Posts tagged with "family"

The Case For Nature (vs Nurture)

When I was young, my dad had a fight with his brother over opening a convenience store next to a pharmacy (my uncle is a pharmacist) in a plaza that my grandmother owned. Both types of stores have lots of competing products, so the argument was about who would be the one to open their store. I guess my dad won, because he bought the convenience store and ran it for quite a few years.

After that, I didn’t see my uncle or his family at all. For so long that I completely forgot that I had a cousin, Crystal.

When my grandmother came from Hong Kong to visit one year, she reunited the families again, and I saw them for the first time in a long while1.

At that time, the popular thing to do was play cards. I had the reputation as being the fastest, most dexterous dealer out of all the kids. But when I went over to my uncle’s house one day and we were playing Asshole, I noticed Crystal dealing exactly the same way I did, except faster, without even paying attention.

It was at that point that I realized, “This person is my family”.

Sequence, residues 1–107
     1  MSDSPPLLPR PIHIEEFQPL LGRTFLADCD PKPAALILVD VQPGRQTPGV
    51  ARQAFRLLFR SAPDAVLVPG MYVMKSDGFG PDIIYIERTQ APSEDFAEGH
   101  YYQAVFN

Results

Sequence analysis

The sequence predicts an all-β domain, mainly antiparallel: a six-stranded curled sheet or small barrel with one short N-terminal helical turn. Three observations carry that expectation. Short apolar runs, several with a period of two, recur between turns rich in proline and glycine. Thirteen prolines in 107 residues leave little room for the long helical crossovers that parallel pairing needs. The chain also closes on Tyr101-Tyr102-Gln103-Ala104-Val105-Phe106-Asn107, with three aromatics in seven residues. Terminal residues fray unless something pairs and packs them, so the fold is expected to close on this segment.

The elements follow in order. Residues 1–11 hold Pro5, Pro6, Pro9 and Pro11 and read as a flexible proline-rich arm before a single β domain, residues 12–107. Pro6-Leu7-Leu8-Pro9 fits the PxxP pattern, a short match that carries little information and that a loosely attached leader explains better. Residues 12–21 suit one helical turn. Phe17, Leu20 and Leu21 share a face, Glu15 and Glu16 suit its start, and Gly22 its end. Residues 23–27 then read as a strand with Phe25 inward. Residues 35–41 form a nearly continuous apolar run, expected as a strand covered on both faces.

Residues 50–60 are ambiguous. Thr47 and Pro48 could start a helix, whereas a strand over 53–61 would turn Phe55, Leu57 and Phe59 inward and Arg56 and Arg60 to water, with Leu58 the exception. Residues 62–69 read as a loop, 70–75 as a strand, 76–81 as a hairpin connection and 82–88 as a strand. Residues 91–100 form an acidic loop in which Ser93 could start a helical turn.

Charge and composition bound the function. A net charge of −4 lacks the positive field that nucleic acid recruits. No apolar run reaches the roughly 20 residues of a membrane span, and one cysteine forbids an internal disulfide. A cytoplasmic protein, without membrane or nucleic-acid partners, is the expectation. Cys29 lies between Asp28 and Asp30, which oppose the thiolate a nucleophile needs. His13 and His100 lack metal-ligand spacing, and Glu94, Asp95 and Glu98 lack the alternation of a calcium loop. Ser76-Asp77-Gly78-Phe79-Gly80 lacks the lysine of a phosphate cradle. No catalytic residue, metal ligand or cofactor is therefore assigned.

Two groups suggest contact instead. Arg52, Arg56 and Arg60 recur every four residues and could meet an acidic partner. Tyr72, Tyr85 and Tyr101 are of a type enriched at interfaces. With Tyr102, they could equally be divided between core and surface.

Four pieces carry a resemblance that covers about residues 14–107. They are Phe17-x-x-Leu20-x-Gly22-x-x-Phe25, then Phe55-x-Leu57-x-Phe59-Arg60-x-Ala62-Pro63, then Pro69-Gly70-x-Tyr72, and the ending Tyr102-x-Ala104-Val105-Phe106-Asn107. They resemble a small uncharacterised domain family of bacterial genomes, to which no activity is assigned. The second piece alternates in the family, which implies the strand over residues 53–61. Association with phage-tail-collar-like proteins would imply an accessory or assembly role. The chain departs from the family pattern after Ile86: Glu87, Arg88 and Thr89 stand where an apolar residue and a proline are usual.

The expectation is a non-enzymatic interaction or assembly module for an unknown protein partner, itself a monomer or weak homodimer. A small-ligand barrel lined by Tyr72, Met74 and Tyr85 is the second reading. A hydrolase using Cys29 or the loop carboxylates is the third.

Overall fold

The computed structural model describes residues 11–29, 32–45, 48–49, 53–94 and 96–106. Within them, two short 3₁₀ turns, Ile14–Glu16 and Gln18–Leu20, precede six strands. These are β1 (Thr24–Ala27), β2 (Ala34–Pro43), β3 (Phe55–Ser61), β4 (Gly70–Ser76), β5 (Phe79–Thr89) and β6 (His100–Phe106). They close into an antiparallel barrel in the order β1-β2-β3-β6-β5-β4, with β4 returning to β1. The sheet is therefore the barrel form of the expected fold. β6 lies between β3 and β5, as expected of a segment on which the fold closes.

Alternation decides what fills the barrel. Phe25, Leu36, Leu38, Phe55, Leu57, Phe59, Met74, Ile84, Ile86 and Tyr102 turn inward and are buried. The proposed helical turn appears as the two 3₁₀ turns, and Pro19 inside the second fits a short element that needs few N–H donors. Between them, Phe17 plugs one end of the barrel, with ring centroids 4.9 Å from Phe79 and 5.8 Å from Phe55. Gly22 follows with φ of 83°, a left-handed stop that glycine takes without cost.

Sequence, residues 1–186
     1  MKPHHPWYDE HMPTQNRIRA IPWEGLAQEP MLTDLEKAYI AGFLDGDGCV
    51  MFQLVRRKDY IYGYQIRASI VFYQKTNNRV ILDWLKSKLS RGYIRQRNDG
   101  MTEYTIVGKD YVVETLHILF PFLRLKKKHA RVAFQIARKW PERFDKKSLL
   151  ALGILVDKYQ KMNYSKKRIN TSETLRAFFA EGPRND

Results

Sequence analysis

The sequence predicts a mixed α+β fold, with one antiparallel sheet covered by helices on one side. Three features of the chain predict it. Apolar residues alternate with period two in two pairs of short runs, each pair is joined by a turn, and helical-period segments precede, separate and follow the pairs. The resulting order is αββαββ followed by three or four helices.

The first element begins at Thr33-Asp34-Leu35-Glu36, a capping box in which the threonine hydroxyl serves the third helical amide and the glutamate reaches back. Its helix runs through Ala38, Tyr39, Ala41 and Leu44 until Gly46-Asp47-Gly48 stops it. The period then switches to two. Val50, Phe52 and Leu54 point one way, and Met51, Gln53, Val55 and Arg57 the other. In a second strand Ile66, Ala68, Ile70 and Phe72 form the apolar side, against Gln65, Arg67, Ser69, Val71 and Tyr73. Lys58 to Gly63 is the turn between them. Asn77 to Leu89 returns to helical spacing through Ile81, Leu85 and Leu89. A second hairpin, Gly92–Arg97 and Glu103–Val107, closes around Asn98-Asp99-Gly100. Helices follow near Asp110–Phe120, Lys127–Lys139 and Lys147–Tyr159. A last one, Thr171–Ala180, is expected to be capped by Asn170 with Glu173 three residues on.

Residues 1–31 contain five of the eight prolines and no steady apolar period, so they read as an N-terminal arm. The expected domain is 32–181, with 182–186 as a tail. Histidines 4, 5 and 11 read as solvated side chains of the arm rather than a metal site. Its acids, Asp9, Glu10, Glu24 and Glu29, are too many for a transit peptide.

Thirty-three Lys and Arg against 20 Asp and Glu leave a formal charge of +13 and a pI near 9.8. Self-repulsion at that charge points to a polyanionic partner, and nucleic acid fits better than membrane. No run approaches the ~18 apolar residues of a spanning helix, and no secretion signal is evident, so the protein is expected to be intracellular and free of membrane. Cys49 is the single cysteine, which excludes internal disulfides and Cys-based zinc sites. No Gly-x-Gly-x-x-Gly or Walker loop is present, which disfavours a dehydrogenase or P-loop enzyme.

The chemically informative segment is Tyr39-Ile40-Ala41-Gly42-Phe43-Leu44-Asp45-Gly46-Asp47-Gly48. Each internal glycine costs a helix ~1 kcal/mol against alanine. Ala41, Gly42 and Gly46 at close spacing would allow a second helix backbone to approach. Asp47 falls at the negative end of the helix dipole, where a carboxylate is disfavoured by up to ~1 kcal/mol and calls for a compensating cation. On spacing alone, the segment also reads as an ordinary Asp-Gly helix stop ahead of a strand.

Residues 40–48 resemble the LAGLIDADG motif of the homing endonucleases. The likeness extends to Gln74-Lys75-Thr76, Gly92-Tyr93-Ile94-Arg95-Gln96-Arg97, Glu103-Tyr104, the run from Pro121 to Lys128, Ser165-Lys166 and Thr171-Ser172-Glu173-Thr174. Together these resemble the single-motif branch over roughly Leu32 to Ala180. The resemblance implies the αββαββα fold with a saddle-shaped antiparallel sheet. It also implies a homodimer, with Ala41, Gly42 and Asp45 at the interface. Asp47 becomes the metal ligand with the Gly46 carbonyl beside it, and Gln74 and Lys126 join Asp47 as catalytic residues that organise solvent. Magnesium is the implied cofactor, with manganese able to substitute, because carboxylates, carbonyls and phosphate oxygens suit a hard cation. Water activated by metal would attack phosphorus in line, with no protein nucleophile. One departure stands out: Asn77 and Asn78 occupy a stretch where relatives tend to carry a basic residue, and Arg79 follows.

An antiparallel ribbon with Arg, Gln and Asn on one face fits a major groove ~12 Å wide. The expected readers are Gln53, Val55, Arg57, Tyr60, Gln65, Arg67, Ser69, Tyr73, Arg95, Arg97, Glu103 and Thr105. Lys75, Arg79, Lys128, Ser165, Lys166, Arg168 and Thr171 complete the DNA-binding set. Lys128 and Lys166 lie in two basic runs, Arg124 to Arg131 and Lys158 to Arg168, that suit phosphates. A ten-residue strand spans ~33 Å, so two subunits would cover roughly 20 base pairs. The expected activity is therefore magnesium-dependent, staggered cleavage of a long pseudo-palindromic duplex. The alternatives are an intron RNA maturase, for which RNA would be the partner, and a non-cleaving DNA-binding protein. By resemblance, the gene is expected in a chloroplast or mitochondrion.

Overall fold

The only other time I had such a stark realization was during my trip to Hong Kong earlier this year. At an international buffet, we grabbed some dessert from the cart and ordered some tea. My uncle, aunt (both siblings of my dad), and I were sitting at the table, with delicious pastries in front of us, but none of us were touching them. When someone asked my uncle why he wasn’t eating his dessert yet, he said that he has to have tea with his sweets. And it turns out that was the exact same reason me and my aunt were waiting too. One of these little quirks that one never expects someone else to have, and sometimes we’re even ridiculed for it, and yet here we were, three people doing the exact same thing for the exact same reason.

I generally believe that humans are more likely a product of their experiences, with a touch of inherited qualities too. After all, I’m almost nothing like either of my parents. It was only these two experiences that made me admit that there’s a little more of us that’s inherited, that we’re a product of our genes, than I would have believed.